2022 Guide of Senior Scams to be Aware of

2022 Guide - Senior Scams to be Aware of

Did you know that in 2020, the FBI[1] found that seniors lost almost $1 billion to scams, with 105,000 people over the age of 65 falling victims to crooks? As seniors continue to be targeted by scammers, associates from our independent lifestyle community in Cape May County have taken the time to compile some helpful tips to keep your loved ones safe. But before we dive into their advice, it helps to understand the three most common types of scams to look out for first.

Senior Scam #1: Identity theft. This generally takes 3 forms: pharming (legitimate-looking websites run by scammers that require someone to fill in personal information), phishing (legitimate-looking emails that trick someone into sending personal information), and smishing (text message versions of phishing).

Senior Scam #2: Tech support fraud. Although more seniors are using computers, smartphones, and digital platforms than ever before, there are still seniors who aren’t very tech-savvy. Fake websites and fraudulent contacts can trigger malware downloads or even fake virus and application alerts, often with a message with a contact number to resolve the issue. A scammer on the other end of the line then asks for remote access to their computer to ‘fix’ the problem. In the process, what they really do is steal sensitive data, request payment for their “service,” and then obtain personal credit card information.

Senior Scam #3: Online shopping fraud. Here, a scammer will contact a person to sell them fraudulent, fake, or non-existent products or scare the person by saying they haven’t paid for something and send them an invoice of demand. This has become especially prevalent as eCommerce has taken off more amongst seniors.

Tips to protect seniors from online scams

Luckily, there are some easy ways to help keep your mom or dad safe, or at least lower their risks of falling victim to a scam.

  • First, tell them to never, ever share personal information with anyone over the phone, online, or via email. If they think it is legitimate, they should confirm it with you first. Scammers often make their demands time-sensitive and demanding, but they must never be afraid to wait before they act!
  • Then, set up safeguards on their digital devices. This can include up-to-date antivirus software, VPNs, anti-malware software, pop-up/ad blockers, and 2-factor authentication. You can also ask their permission to be added to their bank account notifications and move larger savings to secure accounts separate from their credit card account.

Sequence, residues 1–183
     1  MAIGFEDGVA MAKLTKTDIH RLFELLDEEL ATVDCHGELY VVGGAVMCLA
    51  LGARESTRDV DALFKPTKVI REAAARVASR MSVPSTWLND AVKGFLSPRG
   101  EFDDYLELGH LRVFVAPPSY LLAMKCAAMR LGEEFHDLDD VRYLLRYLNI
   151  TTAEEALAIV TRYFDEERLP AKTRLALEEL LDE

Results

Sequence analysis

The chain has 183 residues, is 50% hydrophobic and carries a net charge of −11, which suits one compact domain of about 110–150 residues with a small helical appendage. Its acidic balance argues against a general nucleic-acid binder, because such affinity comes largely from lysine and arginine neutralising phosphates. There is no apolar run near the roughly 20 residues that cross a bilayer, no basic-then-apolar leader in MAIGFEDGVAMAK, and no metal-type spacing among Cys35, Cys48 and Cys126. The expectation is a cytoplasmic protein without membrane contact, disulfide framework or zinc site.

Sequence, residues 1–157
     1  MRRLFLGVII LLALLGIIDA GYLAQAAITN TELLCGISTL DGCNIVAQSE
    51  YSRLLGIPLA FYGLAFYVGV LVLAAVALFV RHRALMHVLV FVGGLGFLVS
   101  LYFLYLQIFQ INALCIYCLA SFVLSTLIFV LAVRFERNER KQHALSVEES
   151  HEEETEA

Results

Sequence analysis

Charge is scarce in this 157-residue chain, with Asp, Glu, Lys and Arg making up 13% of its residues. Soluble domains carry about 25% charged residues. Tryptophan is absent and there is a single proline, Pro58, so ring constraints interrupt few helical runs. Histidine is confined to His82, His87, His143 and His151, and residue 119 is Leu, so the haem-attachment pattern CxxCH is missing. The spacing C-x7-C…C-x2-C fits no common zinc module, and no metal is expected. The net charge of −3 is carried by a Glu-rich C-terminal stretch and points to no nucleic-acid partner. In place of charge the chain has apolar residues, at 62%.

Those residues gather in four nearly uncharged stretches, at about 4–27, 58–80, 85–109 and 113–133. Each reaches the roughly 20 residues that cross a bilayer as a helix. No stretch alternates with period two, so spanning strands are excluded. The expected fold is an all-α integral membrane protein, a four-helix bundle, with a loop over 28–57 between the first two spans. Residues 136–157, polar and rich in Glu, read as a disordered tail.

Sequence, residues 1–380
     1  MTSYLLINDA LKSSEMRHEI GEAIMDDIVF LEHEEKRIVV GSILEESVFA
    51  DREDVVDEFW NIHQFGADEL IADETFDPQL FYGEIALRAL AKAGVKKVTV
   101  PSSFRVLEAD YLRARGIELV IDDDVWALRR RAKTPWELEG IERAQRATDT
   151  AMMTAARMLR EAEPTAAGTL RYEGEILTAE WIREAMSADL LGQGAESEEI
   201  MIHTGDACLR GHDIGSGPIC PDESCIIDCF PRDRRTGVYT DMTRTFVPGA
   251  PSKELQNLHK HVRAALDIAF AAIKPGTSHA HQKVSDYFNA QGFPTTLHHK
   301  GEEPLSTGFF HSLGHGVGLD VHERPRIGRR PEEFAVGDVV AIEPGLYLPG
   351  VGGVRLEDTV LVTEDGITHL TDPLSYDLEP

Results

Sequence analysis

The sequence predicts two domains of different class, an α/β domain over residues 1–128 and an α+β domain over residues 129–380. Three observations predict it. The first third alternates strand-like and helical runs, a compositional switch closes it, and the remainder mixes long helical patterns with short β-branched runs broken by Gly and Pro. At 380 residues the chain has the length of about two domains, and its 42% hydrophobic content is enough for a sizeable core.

• Teach them what to look for in scam messages. This can include how to hover over an email address to see how it’s spelled (usually there are misspellings or odd addresses, like a Gmail account using a bank’s name). They can also look for misspellings in messages, and learn not to open attachments or links in unusual or chain emails.
  • If they are unsure about an email or text message’s legitimacy, ask them to always contact the company directly – not via phone numbers or links on the suspicious message. The company can always let your loved one know if there is really an issue, special offer, or legitimate request.

Comfortable, secure senior living at UMC at The Shores

UMC at The Shores is a secure community offering independent lifestyles with support in South Jersey. Our team is passionate about helping seniors live full and rewarding lives in a safe and welcoming environment. Our associates are all well-versed in the latest technology and can teach your senior loved one valuable tips so that they don’t fall victim to online scams. They are only a call away, should your loved one have any questions about a suspicious call, text, or email they received.

To find out more about senior living at The Shores in Cape May County, give us a call or visit our website at: https://umcommunities.org/theshores/

[1] https://www.ic3.gov/Media/PDF/AnnualReport/2020_IC3ElderFraudReport.pdf

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